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Timberland Eco-Love Survey 2012: Women More Attracted To Green Behavior

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Green singletons pucker up! It looks like you may not be flying solo for long.

Staying true to your eco-friendly values could pay off when it comes to attracting potential mates, according to a new survey.

After conducting an online poll of more than 1,000 men and women age 18 or older in January 2012, the Timberland Eco-Survey revealed more than three-quarters of Americans find eco-minded behaviors an attractive quality in a mate.

More specifically, being eco-friendly around the house and practicing conscious consumption were among the top eco-qualities, with each trait being attractive to 50 and 30 percent of respondents, respectively.

Women were 30 percent more likely than men to question whether to date someone who litters (52% vs. 40%) or refuses to recycle (17% vs. 13%).

According to the study, 56 percent of the fairer sex are more likely to be turned off by anti-environmental behavior, while just 47 percent of males would question whether to date someone with similar behavior.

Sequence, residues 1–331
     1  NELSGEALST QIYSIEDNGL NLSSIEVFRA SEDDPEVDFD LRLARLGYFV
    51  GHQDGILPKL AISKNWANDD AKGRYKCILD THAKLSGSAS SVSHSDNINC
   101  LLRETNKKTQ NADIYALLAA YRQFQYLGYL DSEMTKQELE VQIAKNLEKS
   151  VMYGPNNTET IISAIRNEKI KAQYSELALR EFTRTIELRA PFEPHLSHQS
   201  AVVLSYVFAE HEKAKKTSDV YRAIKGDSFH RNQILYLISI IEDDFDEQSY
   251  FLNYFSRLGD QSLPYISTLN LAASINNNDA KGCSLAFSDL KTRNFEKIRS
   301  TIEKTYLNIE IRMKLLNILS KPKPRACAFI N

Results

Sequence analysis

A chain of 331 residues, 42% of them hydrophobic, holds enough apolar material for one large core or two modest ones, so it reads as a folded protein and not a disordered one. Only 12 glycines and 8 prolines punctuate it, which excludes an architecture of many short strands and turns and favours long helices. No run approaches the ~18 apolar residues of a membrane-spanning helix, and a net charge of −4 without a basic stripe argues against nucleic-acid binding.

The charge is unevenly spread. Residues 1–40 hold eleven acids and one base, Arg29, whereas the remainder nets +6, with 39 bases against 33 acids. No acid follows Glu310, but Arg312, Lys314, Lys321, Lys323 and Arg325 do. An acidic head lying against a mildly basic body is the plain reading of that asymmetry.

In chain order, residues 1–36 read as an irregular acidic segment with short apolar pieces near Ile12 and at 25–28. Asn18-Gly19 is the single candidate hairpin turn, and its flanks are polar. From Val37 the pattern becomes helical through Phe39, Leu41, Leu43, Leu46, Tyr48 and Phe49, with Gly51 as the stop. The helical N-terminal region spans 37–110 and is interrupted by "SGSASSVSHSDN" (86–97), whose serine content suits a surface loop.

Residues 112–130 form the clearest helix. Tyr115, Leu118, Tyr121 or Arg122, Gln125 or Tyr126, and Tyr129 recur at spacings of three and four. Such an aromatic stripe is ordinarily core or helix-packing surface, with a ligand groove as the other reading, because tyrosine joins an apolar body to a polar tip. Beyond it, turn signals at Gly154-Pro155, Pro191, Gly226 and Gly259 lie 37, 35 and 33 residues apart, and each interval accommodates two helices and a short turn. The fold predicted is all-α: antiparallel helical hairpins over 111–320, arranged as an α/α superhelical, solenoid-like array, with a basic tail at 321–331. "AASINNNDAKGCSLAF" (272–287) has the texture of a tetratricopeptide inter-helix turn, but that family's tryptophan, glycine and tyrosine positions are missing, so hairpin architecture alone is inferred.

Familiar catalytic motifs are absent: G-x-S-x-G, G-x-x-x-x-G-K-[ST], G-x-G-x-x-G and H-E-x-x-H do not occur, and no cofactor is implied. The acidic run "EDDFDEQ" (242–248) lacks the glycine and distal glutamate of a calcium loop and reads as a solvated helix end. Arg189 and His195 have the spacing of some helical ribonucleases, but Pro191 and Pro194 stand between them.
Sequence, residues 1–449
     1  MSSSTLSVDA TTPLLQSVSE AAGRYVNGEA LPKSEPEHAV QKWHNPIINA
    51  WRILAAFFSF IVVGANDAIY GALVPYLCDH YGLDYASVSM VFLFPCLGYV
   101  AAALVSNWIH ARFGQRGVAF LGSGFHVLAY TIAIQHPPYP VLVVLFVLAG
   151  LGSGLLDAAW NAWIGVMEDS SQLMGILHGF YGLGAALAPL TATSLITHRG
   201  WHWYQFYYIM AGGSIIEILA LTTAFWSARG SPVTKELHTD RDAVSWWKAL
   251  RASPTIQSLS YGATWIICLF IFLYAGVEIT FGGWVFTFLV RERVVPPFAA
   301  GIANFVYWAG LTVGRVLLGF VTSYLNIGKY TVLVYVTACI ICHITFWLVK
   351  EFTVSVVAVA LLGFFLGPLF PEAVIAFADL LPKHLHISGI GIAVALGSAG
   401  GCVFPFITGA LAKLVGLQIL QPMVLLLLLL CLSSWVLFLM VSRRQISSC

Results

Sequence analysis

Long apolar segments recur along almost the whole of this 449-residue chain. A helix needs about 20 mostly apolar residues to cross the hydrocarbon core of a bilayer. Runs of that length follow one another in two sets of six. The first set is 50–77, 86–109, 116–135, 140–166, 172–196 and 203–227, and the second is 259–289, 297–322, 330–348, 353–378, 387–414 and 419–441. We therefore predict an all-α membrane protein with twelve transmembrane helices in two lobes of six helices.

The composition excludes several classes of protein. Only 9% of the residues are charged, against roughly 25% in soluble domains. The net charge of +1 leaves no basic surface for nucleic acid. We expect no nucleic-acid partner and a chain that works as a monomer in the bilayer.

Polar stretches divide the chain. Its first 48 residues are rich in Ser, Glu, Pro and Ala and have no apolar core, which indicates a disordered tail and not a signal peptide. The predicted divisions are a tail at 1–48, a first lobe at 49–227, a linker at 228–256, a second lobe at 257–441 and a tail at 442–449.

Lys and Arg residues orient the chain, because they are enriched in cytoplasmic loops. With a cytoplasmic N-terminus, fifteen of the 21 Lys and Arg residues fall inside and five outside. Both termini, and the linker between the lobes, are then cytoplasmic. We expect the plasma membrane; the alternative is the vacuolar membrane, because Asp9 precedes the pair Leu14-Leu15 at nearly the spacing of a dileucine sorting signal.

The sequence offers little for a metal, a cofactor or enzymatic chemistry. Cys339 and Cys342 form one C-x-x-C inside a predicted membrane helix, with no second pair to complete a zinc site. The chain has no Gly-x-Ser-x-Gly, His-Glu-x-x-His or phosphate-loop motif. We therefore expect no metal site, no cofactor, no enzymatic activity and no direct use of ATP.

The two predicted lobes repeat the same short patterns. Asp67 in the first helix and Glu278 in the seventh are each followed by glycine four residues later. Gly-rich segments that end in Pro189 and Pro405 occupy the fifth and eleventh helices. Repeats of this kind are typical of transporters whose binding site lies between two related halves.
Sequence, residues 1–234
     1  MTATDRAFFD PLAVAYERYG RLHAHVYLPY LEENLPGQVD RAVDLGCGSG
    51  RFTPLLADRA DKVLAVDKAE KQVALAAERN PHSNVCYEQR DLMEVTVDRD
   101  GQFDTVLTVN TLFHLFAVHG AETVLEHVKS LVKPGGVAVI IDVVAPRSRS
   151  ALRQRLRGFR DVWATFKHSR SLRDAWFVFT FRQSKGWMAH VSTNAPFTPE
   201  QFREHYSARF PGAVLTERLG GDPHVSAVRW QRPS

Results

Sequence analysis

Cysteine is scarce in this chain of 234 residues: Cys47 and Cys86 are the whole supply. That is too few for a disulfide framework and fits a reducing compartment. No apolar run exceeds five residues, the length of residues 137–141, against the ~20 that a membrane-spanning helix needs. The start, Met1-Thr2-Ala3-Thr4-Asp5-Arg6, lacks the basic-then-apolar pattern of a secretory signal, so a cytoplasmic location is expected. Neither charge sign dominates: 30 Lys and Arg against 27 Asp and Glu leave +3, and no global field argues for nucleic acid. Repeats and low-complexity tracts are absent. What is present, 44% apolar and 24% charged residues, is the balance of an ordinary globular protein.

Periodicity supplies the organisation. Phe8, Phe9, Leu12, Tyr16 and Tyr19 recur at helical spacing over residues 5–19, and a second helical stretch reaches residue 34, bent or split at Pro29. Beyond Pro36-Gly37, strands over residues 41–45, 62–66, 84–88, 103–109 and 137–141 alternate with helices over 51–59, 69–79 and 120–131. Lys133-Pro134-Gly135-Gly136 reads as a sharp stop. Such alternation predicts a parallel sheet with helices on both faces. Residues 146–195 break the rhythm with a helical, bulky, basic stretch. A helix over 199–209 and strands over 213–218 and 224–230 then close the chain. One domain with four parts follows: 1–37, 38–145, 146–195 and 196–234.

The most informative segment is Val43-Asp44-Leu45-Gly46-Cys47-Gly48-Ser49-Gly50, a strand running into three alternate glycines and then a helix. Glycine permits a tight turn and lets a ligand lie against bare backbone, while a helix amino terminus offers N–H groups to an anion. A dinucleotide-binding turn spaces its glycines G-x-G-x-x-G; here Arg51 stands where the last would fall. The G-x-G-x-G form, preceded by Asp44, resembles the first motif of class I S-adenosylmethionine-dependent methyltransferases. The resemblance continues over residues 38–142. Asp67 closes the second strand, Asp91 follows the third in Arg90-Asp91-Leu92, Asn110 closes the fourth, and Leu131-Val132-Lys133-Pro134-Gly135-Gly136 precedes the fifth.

But putting the environment before romance at all costs could be a turnoff, as nearly half of Americans (46%) indicated that dates who insisted they order organic or locally-grown food or picked them up on a bicycle (43%) might be shown the door.

This isn't the first time green lifestyles have been linked to finding the perfect match. In December, a Swedish company launched a dating website that pairs up suitors based on last night's leftovers.

While the findings are encouraging for eco-singles looking for love, Timberland probably has some financial incentive to sponsor such a survey, especially since they sell outdoor clothes and to customers with a green conscious.

For a more extensive understanding of the Green dating sphere you may want to check out Treehugger's ecosexual assessment of the land.

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